New Fibers Mimic Electric Eels #WearableWednesday


Those electric eels you’ve seen on NatGeo have been an inspiration for scientists at Fudan University in Shanghai according to LiveScience. They’ve developed fibers that mimic the electrocytes in eels, but producing higher voltages.  Eels use their electrocytes in concert, while the new fibers use a series of capacitors. Here’s a description.

The scientists fabricated the capacitors by first wrapping sheets of carbon nanotubes around elastic rubber fibers 500 microns wide, or about five times the average width of a human hair. Carbon nanotubes are pipes only nanometers, or billionths of a meter, in diameter that possess remarkable electrical and mechanical properties.

The researchers made sure that the electrically conductive carbon nanotube sheets did not completely cover the electrically insulating rubber. Instead, there were gaps where the insulating rubber was exposed. Such gaps are key, because capacitors consist of both conductive and insulating units.

Then, the scientists applied patches of electrically conductive electrolyte gel onto these fibers. The pattern of patches the researchers used converted the fibers into capacitors.

I decided to look further into the team’s white paper on Journal for Advanced Materials to find more benefits of this fiber structure besides the obvious small size and power generation. It’s going to be a win-win for wearables as the fiber’s shape makes it flexible, stretchable and weave-able. Their electrochemical capacitor can also be combined with solar cells for some energy harvesting or energy storing. The paper also boasted that “a fiber about 39 feet (12 meters) long could generate 1,000 volts”. They’ve already been tested in wearables, according to Hao Sun, lead author of the study.

In experiments, they created energy wristbands to power electronic watches, and wove fibers into T-shirts to power 57 light-emitting diodes (LEDs). In the future, these energy fibers “might be incorporated into our daily clothes to power our wearable devices, such as the Apple Watch and Google Glass”, Sun said.

For those watching trends in wearables, I would definitely put electrochemistry in the mix. This is going to have a big impact on manufacturing and the capability of textiles, bands and other wearables. Also, if you need a better understanding of capacitors, just check out our Circuit Playground guide on the topic. Circuit Playground is a special series by Adafruit including guides and videos explaining all of those electronic terms you haven’t had the guts to ask about. Besides, it’s okay if you don’t know them, because like a Jedi master, you will be learning for life anyway.  Did I mention there is a cool app, too? Do it!

Flora breadboard is Every Wednesday is Wearable Wednesday here at Adafruit! We’re bringing you the blinkiest, most fashionable, innovative, and useful wearables from around the web and in our own original projects featuring our wearable Arduino-compatible platform, FLORA. Be sure to post up your wearables projects in the forums or send us a link and you might be featured here on Wearable Wednesday!

As 2022 starts, let’s take some time to share our goals for CircuitPython in 2022. Just like past years (full summary 2019, 2020, and 2021), we’d like everyone in the CircuitPython community to contribute by posting their thoughts to some public place on the Internet. Here are a few ways to post: a video on YouTub, a post on the CircuitPython forum, a blog post on your site, a series of Tweets, a Gist on GitHub. We want to hear from you. When you post, please add #CircuitPython2022 and email to let us know about your post so we can blog it up here.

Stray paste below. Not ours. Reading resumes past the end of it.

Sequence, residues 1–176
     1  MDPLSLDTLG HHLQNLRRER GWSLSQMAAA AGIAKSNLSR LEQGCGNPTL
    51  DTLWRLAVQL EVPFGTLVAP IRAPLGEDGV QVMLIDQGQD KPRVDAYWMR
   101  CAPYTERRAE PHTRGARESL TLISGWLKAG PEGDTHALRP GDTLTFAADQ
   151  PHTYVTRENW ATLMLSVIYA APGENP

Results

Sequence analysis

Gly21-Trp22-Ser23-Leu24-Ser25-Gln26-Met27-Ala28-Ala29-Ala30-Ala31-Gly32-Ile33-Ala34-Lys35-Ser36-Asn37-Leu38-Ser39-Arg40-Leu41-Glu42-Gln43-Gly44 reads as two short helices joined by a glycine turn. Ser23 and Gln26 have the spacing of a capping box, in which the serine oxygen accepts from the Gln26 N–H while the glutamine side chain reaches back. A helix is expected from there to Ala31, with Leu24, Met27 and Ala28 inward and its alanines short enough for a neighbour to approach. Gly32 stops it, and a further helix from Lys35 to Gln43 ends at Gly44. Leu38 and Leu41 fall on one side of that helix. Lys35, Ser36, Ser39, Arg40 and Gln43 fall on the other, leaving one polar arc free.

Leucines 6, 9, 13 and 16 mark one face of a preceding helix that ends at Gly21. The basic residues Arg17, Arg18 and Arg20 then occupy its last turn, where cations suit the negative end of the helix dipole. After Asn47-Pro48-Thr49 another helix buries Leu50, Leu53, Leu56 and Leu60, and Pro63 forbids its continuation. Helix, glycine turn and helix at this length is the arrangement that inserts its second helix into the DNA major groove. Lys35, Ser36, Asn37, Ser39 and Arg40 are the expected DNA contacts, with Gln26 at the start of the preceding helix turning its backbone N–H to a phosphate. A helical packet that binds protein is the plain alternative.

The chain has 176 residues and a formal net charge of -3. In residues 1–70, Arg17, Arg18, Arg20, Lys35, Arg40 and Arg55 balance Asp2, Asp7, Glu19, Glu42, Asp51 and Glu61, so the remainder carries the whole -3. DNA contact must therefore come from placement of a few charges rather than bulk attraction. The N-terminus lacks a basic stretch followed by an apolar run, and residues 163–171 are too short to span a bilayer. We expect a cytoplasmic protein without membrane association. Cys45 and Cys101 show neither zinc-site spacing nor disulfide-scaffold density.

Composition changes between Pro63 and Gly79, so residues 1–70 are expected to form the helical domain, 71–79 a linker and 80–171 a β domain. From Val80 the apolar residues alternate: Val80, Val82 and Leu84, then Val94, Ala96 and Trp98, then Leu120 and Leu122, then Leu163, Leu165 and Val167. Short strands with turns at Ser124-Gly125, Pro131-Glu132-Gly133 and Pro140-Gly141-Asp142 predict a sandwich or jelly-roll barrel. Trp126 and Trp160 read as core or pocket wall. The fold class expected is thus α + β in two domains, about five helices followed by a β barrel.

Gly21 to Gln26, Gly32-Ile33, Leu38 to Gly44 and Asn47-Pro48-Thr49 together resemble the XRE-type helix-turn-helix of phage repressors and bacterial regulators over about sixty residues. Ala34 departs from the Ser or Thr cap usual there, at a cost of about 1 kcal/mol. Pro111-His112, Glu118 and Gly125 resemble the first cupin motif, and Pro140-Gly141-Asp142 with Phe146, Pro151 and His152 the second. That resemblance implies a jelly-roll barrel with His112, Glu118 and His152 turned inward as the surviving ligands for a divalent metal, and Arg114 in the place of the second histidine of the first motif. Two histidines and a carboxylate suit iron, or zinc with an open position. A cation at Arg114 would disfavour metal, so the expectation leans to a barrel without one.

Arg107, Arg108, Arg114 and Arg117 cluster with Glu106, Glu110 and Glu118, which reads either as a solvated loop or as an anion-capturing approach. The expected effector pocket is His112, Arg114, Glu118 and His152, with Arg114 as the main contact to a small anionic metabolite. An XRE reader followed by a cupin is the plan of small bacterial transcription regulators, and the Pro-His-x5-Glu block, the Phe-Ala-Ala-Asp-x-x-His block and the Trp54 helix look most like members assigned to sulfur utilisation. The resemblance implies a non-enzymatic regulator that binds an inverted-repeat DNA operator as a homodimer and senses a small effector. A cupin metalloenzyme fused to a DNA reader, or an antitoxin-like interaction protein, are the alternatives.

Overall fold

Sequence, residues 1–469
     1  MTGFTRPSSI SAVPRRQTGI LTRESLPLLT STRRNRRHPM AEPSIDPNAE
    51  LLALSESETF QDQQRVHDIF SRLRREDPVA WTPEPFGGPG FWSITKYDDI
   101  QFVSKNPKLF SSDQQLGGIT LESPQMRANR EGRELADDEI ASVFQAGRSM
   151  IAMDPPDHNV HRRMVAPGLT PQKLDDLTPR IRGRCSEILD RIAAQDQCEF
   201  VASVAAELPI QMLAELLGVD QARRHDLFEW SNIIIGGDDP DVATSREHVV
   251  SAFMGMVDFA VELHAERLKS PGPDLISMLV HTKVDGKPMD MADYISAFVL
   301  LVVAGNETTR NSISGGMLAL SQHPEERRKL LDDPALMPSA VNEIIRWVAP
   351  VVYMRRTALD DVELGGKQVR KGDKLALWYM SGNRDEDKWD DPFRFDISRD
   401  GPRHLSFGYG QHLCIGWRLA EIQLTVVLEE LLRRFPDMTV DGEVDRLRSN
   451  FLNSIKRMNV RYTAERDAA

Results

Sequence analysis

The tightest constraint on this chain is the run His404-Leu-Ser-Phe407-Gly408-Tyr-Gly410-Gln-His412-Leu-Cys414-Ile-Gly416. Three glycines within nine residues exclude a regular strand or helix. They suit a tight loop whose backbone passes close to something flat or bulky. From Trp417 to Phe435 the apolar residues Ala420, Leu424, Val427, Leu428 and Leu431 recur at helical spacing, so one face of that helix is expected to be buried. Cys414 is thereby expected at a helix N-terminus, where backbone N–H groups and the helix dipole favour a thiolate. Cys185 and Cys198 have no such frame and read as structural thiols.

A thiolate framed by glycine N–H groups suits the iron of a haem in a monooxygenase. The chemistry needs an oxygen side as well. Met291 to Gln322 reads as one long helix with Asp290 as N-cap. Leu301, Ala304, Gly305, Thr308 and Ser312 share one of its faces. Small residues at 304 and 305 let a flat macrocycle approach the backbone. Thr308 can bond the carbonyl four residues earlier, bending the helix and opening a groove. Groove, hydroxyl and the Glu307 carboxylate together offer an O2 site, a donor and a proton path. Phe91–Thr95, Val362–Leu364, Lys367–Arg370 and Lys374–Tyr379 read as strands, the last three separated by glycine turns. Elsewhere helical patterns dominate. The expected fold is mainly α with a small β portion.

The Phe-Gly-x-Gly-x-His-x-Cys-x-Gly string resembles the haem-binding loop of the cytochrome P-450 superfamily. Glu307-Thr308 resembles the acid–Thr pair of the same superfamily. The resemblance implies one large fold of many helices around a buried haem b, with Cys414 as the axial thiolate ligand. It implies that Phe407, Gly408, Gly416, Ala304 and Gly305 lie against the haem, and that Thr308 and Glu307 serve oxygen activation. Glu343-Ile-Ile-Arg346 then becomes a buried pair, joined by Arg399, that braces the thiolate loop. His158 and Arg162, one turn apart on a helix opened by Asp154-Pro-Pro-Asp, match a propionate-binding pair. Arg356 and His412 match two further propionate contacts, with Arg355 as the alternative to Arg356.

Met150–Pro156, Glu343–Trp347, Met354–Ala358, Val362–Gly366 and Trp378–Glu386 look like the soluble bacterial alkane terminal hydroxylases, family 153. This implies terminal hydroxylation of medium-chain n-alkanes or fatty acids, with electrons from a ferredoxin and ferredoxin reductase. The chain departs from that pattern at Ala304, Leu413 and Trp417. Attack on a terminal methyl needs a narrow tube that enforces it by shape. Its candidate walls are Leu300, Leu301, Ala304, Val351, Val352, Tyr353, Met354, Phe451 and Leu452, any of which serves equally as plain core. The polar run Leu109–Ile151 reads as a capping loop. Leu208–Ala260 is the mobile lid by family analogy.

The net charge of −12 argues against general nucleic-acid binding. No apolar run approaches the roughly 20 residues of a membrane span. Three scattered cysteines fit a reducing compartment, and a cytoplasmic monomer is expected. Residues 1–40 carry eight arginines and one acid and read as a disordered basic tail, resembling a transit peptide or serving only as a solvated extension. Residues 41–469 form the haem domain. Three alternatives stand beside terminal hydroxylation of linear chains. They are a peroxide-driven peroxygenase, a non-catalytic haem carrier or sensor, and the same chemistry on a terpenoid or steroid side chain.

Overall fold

Stop breadboarding and soldering – start making immediately! Adafruit’s Circuit Playground is jam-packed with LEDs, sensors, buttons, alligator clip pads and more. Build projects with Circuit Playground in a few minutes with the drag-and-drop MakeCode programming site, learn computer science using the CS Discoveries class on, jump into CircuitPython to learn Python and hardware together, TinyGO, or even use the Arduino IDE. Circuit Playground Express is the newest and best Circuit Playground board, with support for CircuitPython, MakeCode, and Arduino. It has a powerful processor, 10 NeoPixels, mini speaker, InfraRed receive and transmit, two buttons, a switch, 14 alligator clip pads, and lots of sensors: capacitive touch, IR proximity, temperature, light, motion and sound. A whole wide world of electronics and coding is waiting for you, and it fits in the palm of your hand.

Join 32,000+ makers on Adafruit’s Discord channels and be part of the community!

Have an amazing project to share? The Electronics Show and Tell is every Wednesday at 7pm ET! To join, head over to YouTube and check out the show’s live chat – we’ll post the link there.

Join us every Wednesday night at 8pm ET for Ask an Engineer!

Follow Adafruit on Instagram for top secret new products, behinds the scenes and more

CircuitPython – The easiest way to program microcontrollers –

Maker Business — Pololu’s account of the chip shortage

Wearables — Stay frosty

Electronics — High voltage logic

Python for Microcontrollers — Python on Microcontrollers Newsletter: CircuitPython 2022 Survey, Python #1 in 2021 and more! #Python #CircuitPython @micropython @ThePSF

Adafruit IoT Monthly — 2021 in Recap!

Microsoft MakeCode — MakeCode Thank You!

EYE on NPI — Maxim’s Himalaya uSLIC Step-Down Power Module #EyeOnNPI @maximintegrated @digikey

New Products – Adafruit Industries – Makers, hackers, artists, designers and engineers! — New Products 1/12/22 Feat. Adafruit QT Py ESP32-S2 WiFi Dev Board with uFL Antenna Port – STEMMA QT!

Get the only spam-free daily newsletter about wearables, running a "maker business", electronic tips and more! Subscribe at !

No Comments

No comments yet.

Sorry, the comment form is closed at this time.